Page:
A 2014 study published in the journal PLoS One found that a diet rich in foods including fish, especially fatty fish, increased the size of HDL particles, which may help improve cholesterol transport throughout the body. The American Heart Association recommends eating fish at least twice a week, especially varieties that contain omega-3 fats, such as salmon, trout, and herring. A serving is considered 3.5 ounces cooked.
There is some research suggesting that artichoke leaf extract (Cynara scolymnus) may help to lower cholesterol. Artichoke leaf extract may work by limiting the synthesis of cholesterol in the body. Artichokes also contain a compound called cynarine, believed to increase bile production in the liver and speed the flow of bile from the gallbladder, both of which may increase cholesterol excretion.
I just moved and had to go to a new doctor. At my first annual exam and lipid panel, she called me back for a consult because she wanted to put me on a statin due to “high” ldl cholestoral levels. I am female, 54, height 5’4” and weigh 130 lbs. My ldl was 123 – my triglycerides were 58. My hdl was 68. I had basically the same lipid panel 2 years ago at my last annual exam (before moving) and my doc there was not concerned other than suggesting I start a CoQ10 and Omega 3 regimen. I don’t smoke, I exercise at least 45 minutes a day (running, cycling, golf, walking, etc.) – my major weakness is sweets. Plus no heart disease in immediate family (both parents still alive at 79 & 80 – no history of stroke, etc.)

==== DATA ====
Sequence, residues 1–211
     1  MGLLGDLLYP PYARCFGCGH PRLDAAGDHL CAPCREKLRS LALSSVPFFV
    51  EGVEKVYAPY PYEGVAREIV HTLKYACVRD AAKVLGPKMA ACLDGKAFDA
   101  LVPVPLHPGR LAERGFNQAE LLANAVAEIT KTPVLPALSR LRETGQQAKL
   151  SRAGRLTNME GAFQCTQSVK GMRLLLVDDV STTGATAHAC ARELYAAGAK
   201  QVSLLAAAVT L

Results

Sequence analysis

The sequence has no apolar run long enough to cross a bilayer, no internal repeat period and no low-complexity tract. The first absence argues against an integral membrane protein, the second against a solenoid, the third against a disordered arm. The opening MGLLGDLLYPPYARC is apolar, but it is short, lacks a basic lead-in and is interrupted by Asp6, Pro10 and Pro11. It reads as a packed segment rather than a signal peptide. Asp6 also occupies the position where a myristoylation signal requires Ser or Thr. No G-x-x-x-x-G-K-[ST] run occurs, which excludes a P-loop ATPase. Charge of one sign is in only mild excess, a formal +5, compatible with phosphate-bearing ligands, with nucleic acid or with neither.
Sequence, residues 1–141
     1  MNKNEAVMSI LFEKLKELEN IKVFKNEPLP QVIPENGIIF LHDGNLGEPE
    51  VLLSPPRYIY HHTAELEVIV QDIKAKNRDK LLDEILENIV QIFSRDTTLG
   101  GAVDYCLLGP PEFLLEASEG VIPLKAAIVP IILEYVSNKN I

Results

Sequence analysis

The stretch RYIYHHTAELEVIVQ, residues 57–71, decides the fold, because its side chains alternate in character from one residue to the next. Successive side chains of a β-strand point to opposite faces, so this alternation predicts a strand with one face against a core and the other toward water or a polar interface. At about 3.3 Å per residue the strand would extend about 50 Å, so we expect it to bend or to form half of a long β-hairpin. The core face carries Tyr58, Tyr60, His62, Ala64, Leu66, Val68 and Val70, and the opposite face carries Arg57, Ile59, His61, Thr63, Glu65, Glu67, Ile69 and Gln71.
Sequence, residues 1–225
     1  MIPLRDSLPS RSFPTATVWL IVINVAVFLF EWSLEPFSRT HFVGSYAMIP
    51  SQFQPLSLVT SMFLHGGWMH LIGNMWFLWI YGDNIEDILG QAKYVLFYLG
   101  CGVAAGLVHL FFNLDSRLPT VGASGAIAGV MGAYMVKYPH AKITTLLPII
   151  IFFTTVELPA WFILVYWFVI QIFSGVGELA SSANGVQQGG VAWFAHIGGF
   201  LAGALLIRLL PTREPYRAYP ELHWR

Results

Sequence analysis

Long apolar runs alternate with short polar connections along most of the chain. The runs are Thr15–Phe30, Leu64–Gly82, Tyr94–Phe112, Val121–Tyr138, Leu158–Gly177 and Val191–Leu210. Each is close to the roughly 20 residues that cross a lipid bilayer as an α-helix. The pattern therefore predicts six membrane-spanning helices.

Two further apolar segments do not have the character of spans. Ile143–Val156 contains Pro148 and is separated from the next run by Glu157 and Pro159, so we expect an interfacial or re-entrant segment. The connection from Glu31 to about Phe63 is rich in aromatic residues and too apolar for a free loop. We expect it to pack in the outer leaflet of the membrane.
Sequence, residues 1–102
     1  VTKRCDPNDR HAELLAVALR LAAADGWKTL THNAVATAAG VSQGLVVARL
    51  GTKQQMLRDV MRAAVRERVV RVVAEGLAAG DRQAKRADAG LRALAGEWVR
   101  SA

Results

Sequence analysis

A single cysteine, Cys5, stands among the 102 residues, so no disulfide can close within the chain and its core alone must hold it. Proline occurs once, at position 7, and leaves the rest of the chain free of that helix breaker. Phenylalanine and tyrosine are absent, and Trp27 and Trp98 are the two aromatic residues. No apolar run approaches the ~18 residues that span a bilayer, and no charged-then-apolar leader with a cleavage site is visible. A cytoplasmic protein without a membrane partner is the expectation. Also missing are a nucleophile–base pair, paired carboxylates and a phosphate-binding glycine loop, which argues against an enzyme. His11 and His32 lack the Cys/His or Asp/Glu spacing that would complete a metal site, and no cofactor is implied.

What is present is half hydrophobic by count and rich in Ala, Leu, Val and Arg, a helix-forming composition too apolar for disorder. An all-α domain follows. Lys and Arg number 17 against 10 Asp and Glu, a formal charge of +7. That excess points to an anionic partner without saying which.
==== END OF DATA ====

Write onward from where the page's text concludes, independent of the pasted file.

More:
Altering your diet is the easiest way to lower your elevated LDL cholesterol, and should be your first course of action, as every cholesterol-lowering strategy starts with your dietary habits. A balanced diet consisting of fruits, vegetables, whole grains, fish, and various plants will significantly help you lower your LDL cholesterol level. It’s best to limit the amount of red meat, eggs, and dairy you consume. Plant-based diets not only help lower your LDL, but they can also help clear plaque buildup from your arteries.
Remember, some of the best ways to raise HDL cholesterol levels while simultaneously lowering LDL cholesterol include not smoking, exercising more, decreasing body weight, eating healthier fats, reducing refined carb intake, keeping alcohol consumption moderate, increasing niacin intake and watching your prescription drug use. Do these things and watch your HDL go up while your risk for heart disease and stroke goes down.
Why is one form of cholesterol considered good and another bad? There are actually as many as 18 kinds of cholesterol, but to save confusion, doctors divide them into two categories: LDL (bad) and HDL (good). Your liver manufactures most of your cholesterol, and small amounts of it go toward a variety of healthy purposes, including creating hormones that help turn food and exercise into muscle. Serving as cholesterol chauffeurs are fat/protein bunches called lipoproteins, and that’s where the fun begins: Low-density lipoproteins tend to deposit cholesterol on artery walls, where it builds up and eventually interferes with blood flow. But the high-density variety seems to take cholesterol back to the liver, where it can be eliminated from the body.